When requests for the disclosure of protected health information are received from any person outside of the UW HCC or the UW ACE, such individual’s identity and authority must be verified prior to making the disclosure whenever such identity and/or authority of the person is unknown to the staff person receiving the request. Identity refers to who the person is; authority refers to the basis upon which the person claims to have access to the protected health information. Knowledge of a requester may take the form of a known or recognized person, organization, or business, or it may be a known phone number, fax number, or mailing address.
When the Requester is the Patient
Verification of identity may be accomplished by asking for photo identification (such as a driver’s license) if the request is made in person. If the request is made over the telephone or in writing, verification may be accomplished by requesting identifying information such as address, telephone number, birth date, and/or medical record number and confirming that this information matches what is in the patient’s record.
When the Requester is the Patient’s Legally Authorized Representative
Verification of identity may be accomplished by asking for photo identification (such as driver’s license) if the request is made in person. Once identity is established, authority in such situations may be determined by confirming the person is named in the medical record as the person’s legally authorized representative. Or, if there is no person listed in the medical record as the patient’s legally authorized representative, authority may be established by the person presenting a copy of a valid power of attorney for health care or a copy of a court order appointing the person guardian of the person (or guardian ad litem) of the patient. If patient has no health care power of attorney and no guardian, authority may be established by following the applicable hospital or clinic policy establishing when next-of-kin becomes the legally authorized representative.
When the Requester is a Public Official (e.g., law enforcement officers, state or federal surveyors, medical examiners, coroners)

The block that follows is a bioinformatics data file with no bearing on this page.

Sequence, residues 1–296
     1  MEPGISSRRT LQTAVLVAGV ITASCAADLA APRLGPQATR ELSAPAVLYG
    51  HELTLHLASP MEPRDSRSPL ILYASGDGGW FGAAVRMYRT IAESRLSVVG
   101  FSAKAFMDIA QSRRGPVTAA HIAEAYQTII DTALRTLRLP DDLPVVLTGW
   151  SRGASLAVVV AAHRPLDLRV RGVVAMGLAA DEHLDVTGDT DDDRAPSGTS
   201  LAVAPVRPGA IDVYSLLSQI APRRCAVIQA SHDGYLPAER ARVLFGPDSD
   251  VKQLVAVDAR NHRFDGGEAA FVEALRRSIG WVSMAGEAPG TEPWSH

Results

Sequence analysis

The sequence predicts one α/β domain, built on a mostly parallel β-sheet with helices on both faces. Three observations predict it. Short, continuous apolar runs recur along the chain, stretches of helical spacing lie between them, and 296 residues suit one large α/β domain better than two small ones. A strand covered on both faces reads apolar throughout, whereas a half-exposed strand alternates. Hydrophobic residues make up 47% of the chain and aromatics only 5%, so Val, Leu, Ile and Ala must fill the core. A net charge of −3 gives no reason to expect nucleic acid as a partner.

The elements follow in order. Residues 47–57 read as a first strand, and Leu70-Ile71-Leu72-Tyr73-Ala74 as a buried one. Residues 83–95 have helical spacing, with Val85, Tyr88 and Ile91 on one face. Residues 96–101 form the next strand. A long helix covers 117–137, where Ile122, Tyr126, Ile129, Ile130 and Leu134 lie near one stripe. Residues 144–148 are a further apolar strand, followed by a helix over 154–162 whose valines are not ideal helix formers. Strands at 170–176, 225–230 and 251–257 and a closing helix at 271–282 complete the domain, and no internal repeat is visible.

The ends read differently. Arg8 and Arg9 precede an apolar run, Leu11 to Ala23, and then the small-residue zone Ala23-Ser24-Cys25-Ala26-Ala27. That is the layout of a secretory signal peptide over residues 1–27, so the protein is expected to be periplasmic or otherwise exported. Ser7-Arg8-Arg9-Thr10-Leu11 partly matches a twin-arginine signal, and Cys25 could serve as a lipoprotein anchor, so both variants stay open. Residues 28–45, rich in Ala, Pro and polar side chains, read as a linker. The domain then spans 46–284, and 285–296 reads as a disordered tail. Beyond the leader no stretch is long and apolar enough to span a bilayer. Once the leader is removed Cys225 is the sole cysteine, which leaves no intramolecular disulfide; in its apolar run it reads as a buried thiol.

If the request is made in person, verification of the identity of a public official should be accomplished by the presentation of an agency identification badge, other official credentials or other proof of government status. If the request is made in writing, verification of identity will be accomplished if the request is made on the appropriate government letterhead.
Authority of the public official to have access to protected health information should be established by a written statement from the public official of the legal authority under which the information is requested (or, if a written statement is impracticable, an oral statement of such authority).
Note that local law enforcement officials (e.g., city police, county sheriff) are not generally entitled to protected health information without a court order or written patient authorization. There are exceptions for reporting and investigation of child abuse/neglect and for reporting gunshot wounds, certain other wounds and burns to local law enforcement officials. When in doubt about the authority of local law enforcement officials to obtain protected health information, contact with the UW–Madison Office of Legal Affairs or the UW HIPAA Privacy Officer.
A police officer unknown to staff members requests protected health information. The officer’s identity may be established by presentation of his/her badge and the officer’s authority to have access may be established by the officer’s written (or oral) statement of the legal authority under which the information is requested, such as investigation of suspected child abuse (which, under state law, permits a police officer access to protected health information without patient authorization).
Procedures for verifying the identity and/or authority of other unknown requesters of protected health information will vary according to the circumstances. For example, if a person who is not known or recognized presents a written authorization by the patient as the basis for obtaining protected health information, the person should be requested to present identification to verify that he/she is the person named in the authorization to receive the protected health information. If there are any questions concerning if and/or how to verify identity or authority in particular circumstances, contact the UW–Madison Office of Legal Affairs, the UW HIPAA Privacy Officer, or the applicable privacy coordinator.
Consequences for Noncompliance
Failing to comply with this policy may result in discipline for the individual(s) responsible for such noncompliance.
Further, the U.S. Department of Health and Human Services (HHS) Office for Civil Rights (OCR) is responsible for enforcing the HIPAA Privacy and Security Rules, and an individual’s noncompliance may result in institutional noncompliance and/or an investigation by OCR. OCR attempts to resolve investigations by obtaining voluntary compliance and entering into corrective action plans and resolution agreements. Failure to comply with HIPAA or cooperate with OCR in an investigation may result in civil and/or criminal penalties.